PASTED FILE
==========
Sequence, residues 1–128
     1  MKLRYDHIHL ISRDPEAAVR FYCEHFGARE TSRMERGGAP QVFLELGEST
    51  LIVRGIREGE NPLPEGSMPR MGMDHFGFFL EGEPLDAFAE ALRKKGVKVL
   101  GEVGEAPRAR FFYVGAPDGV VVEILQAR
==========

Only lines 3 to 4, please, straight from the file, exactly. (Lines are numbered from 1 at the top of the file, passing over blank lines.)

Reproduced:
    51  LIVRGIREGE NPLPEGSMPR MGMDHFGFFL EGEPLDAFAE ALRKKGVKVL
   101  GEVGEAPRAR FFYVGAPDGV VVEILQAR